How to Destroy Code Review Processes?

Mert Akkaya
3 min readJan 2, 2022


Edit: Folks, this article is written in a sarcastic way. All of the advice below of course lists red flags of code review processes. There are already lots of Best-Practice articles about the topic. Please use this one to check if you match any of the items and fix yourself.

Tired of your team’s quality software development bullshit?

Want to eliminate this unnecessary process? Do you want your authority to be unquestioned and your technical methods (which are already 100% correct) to be adopted? Are you uncomfortable with members of your team having their own opinions?

This job will be easier than you think. Here are ways to quickly undermine the Code Review process!

Set your tone in your feedbacks.

Spotted a bug or performance issue? Immediately match this situation with the personality traits of the person who wrote the code. If you can be so tough that you question how they make money doing this job, you won’t even believe the results you get!

Focus only on what matters.

And what matters is that the mistakes made are not repeated. So focus only on mistakes in your reviews, don’t waste time praising good things done. Have you seen a best practice? Or a good use of patterns? Anything to be appreciated? Remind yourself right away that this is what these people do, and that’s what they should do. So they expect a thank you for a job they’re paid for?

Humans are hierarchical creatures.

And there’s a reason you’re a leader, and that’s because you’re better at technical and managerial than any of them. So if you accidentally hear your decisions being questioned, your code being criticized, or talking about the possibility that you may have made a mistake, remember, what is being questioned is your authority. For this very reason, never admit that you made a mistake. If there is to be a code review process, it should be top-down.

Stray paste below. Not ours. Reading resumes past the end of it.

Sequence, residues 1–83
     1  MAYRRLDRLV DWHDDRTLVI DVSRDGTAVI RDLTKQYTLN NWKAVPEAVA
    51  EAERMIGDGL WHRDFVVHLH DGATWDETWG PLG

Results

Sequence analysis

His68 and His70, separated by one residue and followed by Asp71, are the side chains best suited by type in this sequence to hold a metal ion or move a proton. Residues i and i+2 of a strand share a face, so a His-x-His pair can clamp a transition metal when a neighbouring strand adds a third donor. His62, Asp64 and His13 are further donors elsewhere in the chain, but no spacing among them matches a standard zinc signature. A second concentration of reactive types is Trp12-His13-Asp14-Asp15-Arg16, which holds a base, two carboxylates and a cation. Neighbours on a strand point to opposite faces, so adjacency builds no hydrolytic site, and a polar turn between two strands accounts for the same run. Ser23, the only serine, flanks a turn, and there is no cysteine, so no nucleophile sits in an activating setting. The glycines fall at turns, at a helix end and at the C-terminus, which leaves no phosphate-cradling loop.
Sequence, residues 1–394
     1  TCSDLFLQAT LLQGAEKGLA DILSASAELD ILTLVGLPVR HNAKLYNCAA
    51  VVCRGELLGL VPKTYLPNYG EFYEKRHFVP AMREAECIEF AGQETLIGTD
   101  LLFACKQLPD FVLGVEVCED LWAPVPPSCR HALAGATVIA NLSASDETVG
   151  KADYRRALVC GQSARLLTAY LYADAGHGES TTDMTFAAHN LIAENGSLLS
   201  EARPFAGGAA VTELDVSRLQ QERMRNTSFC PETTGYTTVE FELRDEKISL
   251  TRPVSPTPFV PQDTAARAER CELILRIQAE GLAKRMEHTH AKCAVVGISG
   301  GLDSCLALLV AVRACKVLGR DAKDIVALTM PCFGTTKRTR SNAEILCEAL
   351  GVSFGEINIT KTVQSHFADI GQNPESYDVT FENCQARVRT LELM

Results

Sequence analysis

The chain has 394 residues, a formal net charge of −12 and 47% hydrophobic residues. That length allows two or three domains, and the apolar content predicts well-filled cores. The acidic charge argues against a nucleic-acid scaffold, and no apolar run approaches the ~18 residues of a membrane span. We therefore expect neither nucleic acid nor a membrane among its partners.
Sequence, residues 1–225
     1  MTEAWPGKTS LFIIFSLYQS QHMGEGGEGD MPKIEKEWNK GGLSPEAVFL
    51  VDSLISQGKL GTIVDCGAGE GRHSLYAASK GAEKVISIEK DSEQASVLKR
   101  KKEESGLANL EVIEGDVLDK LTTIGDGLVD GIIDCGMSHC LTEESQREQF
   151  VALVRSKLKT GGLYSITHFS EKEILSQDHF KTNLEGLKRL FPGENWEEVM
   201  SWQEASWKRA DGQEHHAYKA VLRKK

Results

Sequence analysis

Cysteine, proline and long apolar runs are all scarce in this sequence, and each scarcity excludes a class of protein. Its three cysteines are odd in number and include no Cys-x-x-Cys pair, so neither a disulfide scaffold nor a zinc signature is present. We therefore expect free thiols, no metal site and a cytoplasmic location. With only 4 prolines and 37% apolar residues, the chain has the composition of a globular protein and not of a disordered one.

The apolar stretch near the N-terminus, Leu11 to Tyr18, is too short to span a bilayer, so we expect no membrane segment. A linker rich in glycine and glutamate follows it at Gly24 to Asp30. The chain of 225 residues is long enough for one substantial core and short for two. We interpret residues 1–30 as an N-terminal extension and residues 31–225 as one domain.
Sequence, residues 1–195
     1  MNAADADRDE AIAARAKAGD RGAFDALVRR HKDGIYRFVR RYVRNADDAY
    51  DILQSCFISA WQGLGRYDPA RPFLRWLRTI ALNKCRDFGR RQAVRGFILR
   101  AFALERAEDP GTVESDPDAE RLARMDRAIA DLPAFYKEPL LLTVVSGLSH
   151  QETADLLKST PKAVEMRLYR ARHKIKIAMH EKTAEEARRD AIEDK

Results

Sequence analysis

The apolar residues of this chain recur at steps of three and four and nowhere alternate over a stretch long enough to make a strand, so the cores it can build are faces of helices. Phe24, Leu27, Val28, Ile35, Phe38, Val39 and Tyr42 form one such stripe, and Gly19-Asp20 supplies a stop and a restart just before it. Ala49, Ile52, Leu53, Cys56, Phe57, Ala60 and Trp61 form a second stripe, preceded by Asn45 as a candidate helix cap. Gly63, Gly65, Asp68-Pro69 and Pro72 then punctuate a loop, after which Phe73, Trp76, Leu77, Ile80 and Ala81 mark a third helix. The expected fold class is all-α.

Do your reviews at the right time.

Do code reviews as late as possible. Remember, the human mind can always focus on work in a limited capacity. So the bigger the job, the less chance your team has to focus. This will naturally reduce the time allocated to this process. The later the better. Remember 10 lines of code, 10 issues. 1000 lines of code, LGTM .

Measure what matters.

And there is only one thing that matters, the speed of the work done. Achieving short-term goals is important to you, while the long-term culture is for the company. So focus only on short-term successes. And the only thing you can brag about is how fast your team works and never makes mistakes. That way, if a mistake has been made, they start blaming each other, and boom! You are no longer alone in applying advice number two.

Use the tools according to your problems.

Disagreements among team members? Let them be reflected in the Code Review processes instead of speaking out. You can close the discussions caused by the lack of soft skills with hard skills in this way. Let technical knowledge be used as a hammer. In this way, the weak will be eliminated and you will have a team of only the best engineers, believe me.

Remove the obstacles.

Not having a reference point is critical for the above advice to work well. If you have a list of clear rules, the weak may also try to use it as a weapon against others. So remove the clarity, so that there is no obstacle in your way while behaving in a way that works for you in every situation. In this case, it is critical that you destroy a document full of best practices. Make it unusable. Also, make fun of reference points found on the internet and claim that they don’t know the ‘real’ business.

When you follow these recommendations, you will clearly see that your team will give up on this process and decide that it is unnecessary.

Good luck!